Results show that ORP values are dominated by the type of liquid media used for dispersions. Nanomaterial dispersions in seawater resulted in a much smaller ORP values in comparison with dispersions made in other media. In addition, this is also the case with the ORP values of the corresponding blank media, that is, blank seawater having the smallest ORP value, of 384 mV, compared to the rest of the blank liquid media (redox potential values all above 400 mV). The ORP values reported here is not specific to a single chemical species and thus represent an aggregate oxidization-reduction of all species that can react at the Pt working electrode . The fact that the type of liquid media itself seems to have some contribution to the final ORP values is not surprising, as dissolved redox species in the liquid can easily interact with the Pt electrode of the ORP probe. In fact, such ORP measurements are often employed as an accurate gauge of water quality and for the monitoring of dissolved species in the water . Seawater in particular is shown to be more reducing in nature, that is, due to higher concentration of reducing agents (such as N O2 −) in such media, if compared to the other liquid media. The presence of reducing agent has the effect of lowering the ORP value . Furthermore, we expect a much-reduced level of oxidising agent such as dissolved oxygen in such a high saline solution, as the more saline the water can be the less oxygen the water can hold. If there is a reduction in oxidising agents, then this also has an effect of lowering the ORP value .
The ORP readings reported here were taken three times with very little variation among the replicates, that is, not more than ±2 mV. However, the second and third replicates were acquired soon after acquiring the 1st replicate, by taking the ORP probe out of the dispersion and reimmersing it back into the dispersion. The variations in the replicates here thus represent variations of the instrument’s accuracy; they will not represent any variations that might be due to other factors such as differences in dispersion quality. Table 1 also shows the change in ORP values (values reported in brackets) upon addition of the nanomaterials relative to the corresponding blank media. Results show that, in most cases, there is a change of less than ~10 mV associated upon addition of the nanomaterials. There are only three cases in which the ORP value change is greater than 15 mV: Nanograin CeO2 in fish medium, Micron CeO2 in DI water, and Ceria dry CeO2 in fish media. Currently, we offer no explanation as to why there is a much larger change in ORP values in these three cases, apart from potential variations in dispersion quality, for example, due to potential redox contaminants associated with the different samples received. In addition, no real differentiation can be made between ZnO and CeO2 particles, with Z-COTE ZnO (BASF, Germany) having the same 9 mV change as the Ceria dry CeO2 (Antaria, Australia), when both are dispersed in DI water.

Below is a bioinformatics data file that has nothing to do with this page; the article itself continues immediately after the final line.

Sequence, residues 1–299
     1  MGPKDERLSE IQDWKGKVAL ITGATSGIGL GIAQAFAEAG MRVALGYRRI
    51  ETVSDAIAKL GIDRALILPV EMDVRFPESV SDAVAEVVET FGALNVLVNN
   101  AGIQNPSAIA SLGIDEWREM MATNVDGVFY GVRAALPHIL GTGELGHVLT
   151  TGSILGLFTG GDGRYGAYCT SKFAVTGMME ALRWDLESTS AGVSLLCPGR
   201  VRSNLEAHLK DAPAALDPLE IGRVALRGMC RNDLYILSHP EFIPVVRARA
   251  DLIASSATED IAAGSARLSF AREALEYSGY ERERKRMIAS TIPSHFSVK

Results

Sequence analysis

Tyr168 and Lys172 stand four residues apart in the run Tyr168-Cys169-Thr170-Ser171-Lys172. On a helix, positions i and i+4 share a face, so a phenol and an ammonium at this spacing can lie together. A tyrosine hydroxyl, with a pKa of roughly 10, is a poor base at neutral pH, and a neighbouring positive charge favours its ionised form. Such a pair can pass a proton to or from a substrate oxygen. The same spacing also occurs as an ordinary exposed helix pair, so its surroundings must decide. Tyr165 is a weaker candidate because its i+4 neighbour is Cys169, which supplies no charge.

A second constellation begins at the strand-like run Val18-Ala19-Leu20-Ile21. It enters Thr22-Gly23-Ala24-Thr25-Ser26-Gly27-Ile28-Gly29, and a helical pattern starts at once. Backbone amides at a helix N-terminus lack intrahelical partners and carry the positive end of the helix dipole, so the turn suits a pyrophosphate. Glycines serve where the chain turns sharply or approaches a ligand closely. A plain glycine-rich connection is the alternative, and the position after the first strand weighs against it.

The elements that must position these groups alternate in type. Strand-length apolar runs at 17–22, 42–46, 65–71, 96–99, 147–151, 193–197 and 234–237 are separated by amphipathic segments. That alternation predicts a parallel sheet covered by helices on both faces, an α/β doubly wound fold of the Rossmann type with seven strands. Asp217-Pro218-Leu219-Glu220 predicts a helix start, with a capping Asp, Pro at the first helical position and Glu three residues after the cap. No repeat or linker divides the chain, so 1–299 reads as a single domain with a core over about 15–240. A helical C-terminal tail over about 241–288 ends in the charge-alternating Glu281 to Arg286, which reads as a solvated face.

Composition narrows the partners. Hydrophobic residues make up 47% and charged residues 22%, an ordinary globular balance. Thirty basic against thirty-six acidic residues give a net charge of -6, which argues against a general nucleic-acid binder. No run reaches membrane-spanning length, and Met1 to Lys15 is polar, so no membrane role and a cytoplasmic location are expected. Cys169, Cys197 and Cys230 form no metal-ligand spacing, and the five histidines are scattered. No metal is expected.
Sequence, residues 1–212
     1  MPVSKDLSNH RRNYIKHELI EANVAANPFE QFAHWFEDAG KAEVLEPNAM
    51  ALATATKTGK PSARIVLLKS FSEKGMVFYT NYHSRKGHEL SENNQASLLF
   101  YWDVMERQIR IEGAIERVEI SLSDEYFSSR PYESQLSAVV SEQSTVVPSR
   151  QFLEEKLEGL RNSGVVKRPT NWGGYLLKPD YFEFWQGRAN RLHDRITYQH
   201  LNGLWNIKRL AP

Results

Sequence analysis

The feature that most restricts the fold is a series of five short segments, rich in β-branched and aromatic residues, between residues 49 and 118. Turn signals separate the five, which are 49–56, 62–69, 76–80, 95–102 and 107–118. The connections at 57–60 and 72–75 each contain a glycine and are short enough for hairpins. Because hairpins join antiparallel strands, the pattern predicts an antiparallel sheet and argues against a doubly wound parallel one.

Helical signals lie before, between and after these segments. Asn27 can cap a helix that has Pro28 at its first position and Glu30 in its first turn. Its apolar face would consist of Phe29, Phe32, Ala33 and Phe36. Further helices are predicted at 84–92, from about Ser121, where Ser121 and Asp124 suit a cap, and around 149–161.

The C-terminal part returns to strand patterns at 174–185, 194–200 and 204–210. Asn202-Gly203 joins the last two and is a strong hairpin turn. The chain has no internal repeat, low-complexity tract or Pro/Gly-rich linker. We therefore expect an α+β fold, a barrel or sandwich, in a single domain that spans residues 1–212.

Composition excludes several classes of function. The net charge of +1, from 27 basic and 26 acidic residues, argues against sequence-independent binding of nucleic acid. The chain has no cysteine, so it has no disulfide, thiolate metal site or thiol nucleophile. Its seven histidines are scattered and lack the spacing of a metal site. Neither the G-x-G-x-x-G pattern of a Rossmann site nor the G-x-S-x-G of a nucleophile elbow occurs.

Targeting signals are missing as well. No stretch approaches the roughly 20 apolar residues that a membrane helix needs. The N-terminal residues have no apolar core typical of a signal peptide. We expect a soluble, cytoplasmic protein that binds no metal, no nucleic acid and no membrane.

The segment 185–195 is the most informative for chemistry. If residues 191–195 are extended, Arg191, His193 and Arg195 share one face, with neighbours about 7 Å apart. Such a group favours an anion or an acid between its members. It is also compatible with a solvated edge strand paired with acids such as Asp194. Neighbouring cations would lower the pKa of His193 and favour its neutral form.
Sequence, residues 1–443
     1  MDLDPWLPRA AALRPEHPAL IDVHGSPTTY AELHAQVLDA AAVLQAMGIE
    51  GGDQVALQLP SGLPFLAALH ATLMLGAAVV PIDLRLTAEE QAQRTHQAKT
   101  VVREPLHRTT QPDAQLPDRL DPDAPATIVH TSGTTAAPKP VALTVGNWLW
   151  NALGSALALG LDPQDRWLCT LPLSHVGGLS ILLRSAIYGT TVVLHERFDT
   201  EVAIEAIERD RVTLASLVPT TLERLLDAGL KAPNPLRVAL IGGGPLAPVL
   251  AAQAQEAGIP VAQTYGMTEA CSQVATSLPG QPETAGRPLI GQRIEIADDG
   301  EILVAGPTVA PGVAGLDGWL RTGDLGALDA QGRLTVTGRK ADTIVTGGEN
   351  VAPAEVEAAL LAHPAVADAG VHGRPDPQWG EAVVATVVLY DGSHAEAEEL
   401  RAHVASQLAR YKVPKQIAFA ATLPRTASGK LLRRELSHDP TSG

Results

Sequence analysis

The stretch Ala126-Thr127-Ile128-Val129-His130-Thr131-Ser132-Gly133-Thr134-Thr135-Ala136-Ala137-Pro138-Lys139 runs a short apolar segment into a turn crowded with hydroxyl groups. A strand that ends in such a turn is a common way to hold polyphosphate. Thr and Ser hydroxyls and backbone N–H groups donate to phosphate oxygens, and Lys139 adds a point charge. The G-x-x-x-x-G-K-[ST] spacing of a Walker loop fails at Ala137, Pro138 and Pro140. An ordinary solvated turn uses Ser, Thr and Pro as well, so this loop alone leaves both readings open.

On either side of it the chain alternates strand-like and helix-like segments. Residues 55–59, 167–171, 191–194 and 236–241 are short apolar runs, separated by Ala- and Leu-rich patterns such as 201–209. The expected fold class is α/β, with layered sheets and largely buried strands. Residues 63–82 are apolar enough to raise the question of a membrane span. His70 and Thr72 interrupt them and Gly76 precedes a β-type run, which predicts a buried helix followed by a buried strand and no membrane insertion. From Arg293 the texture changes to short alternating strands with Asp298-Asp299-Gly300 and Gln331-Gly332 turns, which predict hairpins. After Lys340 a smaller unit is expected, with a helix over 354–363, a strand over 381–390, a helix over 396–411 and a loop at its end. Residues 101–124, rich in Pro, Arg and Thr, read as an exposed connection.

Results show that zetapotential values of nanomaterials when dispersed in seawater cannot be successfully measured (due to high conductivity) and thus displayed as N/A in Table 2. Such unsuccessful measurements were reported in the corresponding “quality report” at the end of the measurement. In general, results indicate high zetapotential values for nanomaterials that are dispersed either in DI water or DI water + 5 mM NaCl. Results of the DI water are similar to the corresponding DI water + NaCl case; the addition of NaCl into the DI water was carried out so as to have greater confidence in the DI water results, as the measurement of zetapotential usually involves the presence of inert background electrolyte. Overall, results show that nanomaterials are most stable when dispersed in DI water (or DI water + NaCl) and least stable when in an ecotox media. This is true apart for the case of Micron CeO2 showing that it is least stable in DI water, that is, −7 mV when compared to other ecotox media such as fish medium, that is, −22 mV. Currently, no explanation is available for this behaviour, and dispersion stability was further measured by using the concept of half-life values (as previously discussed in the introduction, the larger the half-life, the more stable the dispersion). Results in Table 3 show that, as with zetapotential measurements, results in DI water are generally more stable (with the largest associated with Z-COTE ZnO of 4038 minutes) than when in ecotox media. However, unlike the zetapotential values, Micron CeO2 also shows the same trend, that is, most stable in DI water than when in an ecotox media. The reason for this discrepancy lies in the fact that dispersion stability was measured in two different ways: through the measurement of interparticle force (zetapotential) or through analyzing the stability via sedimentation measurements (turbidity with time). The former measurement is solely governed by the electric properties of the solid surface in contact with liquid, which will subsequently contribute towards sedimentation rate; the latter measurement is not only determined by the zetapotential value but also by other factors, for example, particle size (in which the larger particles are expected to sediment at a much faster rate) . The SEM results (Table 4) show the mean (Feret) primary particle sizes and the corresponding standard deviations (to reflect on the polydispersity of the primary particle size). Results presented in Table 4 show that the mean primary particle sizes of the samples range from ~30 nm to ~890 nm, the largest being the Micron ZnO and Micron CeO2 from Sigma Aldrich. The SD values show the large degree of polydispersity associated with samples received: high polydispersity associated with Sigma Aldrich samples, less so with Nanosun ZnO, Microniser. The SEM micrographs indicated that all particles tested here were highly aggregated together into agglomerates of irregular shape.